Contractors, now the UK has an adequacy decision, the free flow of personal data can reign supreme
After months of deliberations on the post-Brexit data protection regime which would be in place between the United Kingdom and the European Union, our neighbours have come to a conclusion on an important decision.
The European Commission has formally granted an Adequacy Decision to the United Kingdom on June 28th 2021, with implications for UK contractors and their end-client organisations, writes Komal Shemar, legal counsel at Gerrish Legal.
The granting of this decision means that personal data from the European Economic Area (which comprises the 27 Member States of the EU, plus Iceland, Liechtenstein and Norway) can be sent to the United Kingdom without the need for additional safeguards.
Refresher: define Adequacy Decision
Personal data, which is “all data that identifies or can be used to identify a natural person,” is protected in the European Union (EU) by the General Data Protection Regulation (or the infamous ‘GDPR’ as it is commonly known). The GDPR is widely acknowledged as the gold standard for data protection laws in the world – and is seen as a reference point even for other countries.
Before Brexit, the UK was subject to EU laws and therefore also subject to the GDPR. As such, the UK, along with all other member states, was automatically deemed to provide the same level of protection to personal data as required in the EU - since all of these countries were bound to the same law.
Under the GDPR, any country that is not a part of this bloc is automatically deemed a ‘third country’ and deemed to not provide the same or similar level of protection to personal data as is accorded under the GDPR. These third countries have to therefore rely on one of the safeguards under Chapter 5 of the GDPR.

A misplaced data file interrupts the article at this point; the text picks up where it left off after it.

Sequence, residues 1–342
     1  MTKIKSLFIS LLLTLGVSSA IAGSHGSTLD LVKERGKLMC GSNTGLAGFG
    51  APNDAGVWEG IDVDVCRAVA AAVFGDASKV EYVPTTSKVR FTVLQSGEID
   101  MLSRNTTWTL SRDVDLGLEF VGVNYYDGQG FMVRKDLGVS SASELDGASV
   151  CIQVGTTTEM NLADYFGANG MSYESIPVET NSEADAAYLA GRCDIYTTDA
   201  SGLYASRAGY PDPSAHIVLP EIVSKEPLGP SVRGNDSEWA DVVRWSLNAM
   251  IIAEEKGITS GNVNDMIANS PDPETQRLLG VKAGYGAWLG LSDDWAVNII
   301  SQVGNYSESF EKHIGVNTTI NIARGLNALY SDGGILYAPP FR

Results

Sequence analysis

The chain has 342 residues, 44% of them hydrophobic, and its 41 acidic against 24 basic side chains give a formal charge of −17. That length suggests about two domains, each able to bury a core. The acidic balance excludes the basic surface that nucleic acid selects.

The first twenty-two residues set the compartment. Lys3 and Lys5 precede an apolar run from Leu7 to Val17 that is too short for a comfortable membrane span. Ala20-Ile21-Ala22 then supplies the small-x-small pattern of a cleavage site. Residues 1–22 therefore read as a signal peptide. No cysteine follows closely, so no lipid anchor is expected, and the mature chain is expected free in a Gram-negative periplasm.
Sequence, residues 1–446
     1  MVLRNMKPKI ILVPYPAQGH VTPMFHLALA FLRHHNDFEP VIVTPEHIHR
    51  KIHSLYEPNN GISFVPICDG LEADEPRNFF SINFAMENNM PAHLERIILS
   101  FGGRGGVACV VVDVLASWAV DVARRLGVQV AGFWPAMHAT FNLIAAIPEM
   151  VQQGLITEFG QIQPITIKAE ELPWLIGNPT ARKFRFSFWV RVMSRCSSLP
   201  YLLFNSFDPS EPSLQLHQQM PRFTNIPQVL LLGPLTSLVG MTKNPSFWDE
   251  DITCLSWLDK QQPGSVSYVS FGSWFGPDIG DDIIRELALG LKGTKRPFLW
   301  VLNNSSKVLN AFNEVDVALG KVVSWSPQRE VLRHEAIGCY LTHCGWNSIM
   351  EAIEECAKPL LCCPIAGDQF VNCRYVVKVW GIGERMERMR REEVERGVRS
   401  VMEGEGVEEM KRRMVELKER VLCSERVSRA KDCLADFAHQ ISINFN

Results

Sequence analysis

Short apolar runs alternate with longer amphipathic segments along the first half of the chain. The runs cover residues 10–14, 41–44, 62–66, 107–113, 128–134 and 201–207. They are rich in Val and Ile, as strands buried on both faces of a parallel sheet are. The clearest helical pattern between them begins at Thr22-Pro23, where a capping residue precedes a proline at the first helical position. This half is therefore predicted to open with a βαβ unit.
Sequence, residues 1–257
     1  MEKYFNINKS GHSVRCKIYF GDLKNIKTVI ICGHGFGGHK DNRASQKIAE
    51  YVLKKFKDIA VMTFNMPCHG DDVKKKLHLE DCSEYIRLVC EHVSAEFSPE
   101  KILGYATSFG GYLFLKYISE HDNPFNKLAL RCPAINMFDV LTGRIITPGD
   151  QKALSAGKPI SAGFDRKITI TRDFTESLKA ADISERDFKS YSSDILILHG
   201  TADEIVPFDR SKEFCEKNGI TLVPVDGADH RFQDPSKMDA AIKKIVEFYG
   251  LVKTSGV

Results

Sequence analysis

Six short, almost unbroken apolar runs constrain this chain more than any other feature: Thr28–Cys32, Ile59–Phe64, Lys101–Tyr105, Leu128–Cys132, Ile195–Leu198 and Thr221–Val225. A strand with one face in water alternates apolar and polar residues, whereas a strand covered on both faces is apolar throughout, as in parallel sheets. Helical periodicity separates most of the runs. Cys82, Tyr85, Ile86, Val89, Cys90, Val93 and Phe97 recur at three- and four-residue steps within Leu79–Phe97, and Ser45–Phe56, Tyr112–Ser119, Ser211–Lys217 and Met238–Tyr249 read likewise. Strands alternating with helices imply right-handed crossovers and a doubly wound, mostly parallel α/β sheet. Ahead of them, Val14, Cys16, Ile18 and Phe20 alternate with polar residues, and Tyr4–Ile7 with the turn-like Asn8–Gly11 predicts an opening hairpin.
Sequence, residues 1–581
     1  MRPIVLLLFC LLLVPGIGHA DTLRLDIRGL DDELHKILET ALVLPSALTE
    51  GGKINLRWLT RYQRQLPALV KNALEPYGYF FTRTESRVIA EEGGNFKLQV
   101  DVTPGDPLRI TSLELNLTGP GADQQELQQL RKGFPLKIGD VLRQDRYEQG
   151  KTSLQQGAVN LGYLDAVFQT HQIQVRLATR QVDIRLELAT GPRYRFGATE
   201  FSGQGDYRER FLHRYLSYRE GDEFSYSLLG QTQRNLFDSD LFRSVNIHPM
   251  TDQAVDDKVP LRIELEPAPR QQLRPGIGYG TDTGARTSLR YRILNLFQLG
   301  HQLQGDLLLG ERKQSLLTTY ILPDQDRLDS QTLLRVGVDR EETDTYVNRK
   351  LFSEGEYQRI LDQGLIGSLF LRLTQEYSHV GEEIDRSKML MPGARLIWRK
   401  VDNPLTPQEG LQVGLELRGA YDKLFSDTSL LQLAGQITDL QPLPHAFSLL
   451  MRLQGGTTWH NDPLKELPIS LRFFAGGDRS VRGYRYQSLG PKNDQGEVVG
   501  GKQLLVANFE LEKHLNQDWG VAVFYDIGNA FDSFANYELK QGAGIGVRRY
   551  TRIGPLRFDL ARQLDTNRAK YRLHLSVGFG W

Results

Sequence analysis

One of these safeguards is known as an ‘adequacy decision,’ which is a formal decision adopted by the European Commission, after approval by the member states and relevant bodies, which confirms that the data protection regime of a third country is adequate – i.e., it provides the same or a similar level of protection to personal data as the GDPR. With an adequacy decision, EEA personal data can be sent to this third country without the data importer and exporter relying on any other safeguard.
What is the data situation now with the UK and EU?
Following the UK’s withdrawal from the EU, the UK is also now considered a third country. In our previous article for Contractor UK, we discussed what this meant and the safeguards that were available to UK-based contractors and businesses to ensure that their personal data transfers were compliant.
As we detailed previously, the UK was granted a grace period for six months following Brexit (i.e., until June 2021) whereby UK-based data controllers and processors were allowed to receive personal data from the EEA without having to rely on a safeguard under Chapter 5 of the GDPR.
After this, UK-based contractors and businesses would either have to rely on an adequacy decision if this was granted, or they would have to enter into model clauses that have been drafted by the European Commission for personal data transfers to third countries (known as Standard Contractual Clauses).
Now that we have reached the end of this grace period, and the European Commission has officially granted an adequacy decision, this means that the UK is deemed to provide a similar level of protection to personal data as the GDPR.
The commission has actually granted two decisions – one in relation to adequacy to the GDPR, and one for the EU Law Enforcement Directive. However, it is the former decision that we are discussing in this article.
On the one hand, it is no major surprise. Since the UK’s data protection law, the Data Protection Act 2018, is a mirror image of the GDPR. However, on the other hand, things did seem a little touch-and-go since the UK has some controversial laws which potentially conflict with the GDPR. For example, the UK’s position on intelligence surveillance laws and sharing of personal data with the Five Eyes alliance for national security purposes did seem like a potential roadblock to an adequacy finding. Furthermore, such assessments usually take several years – with the average period being five years. Aside from the UK’s decision, the fastest successful assessment was for Argentina – which took just 18 months.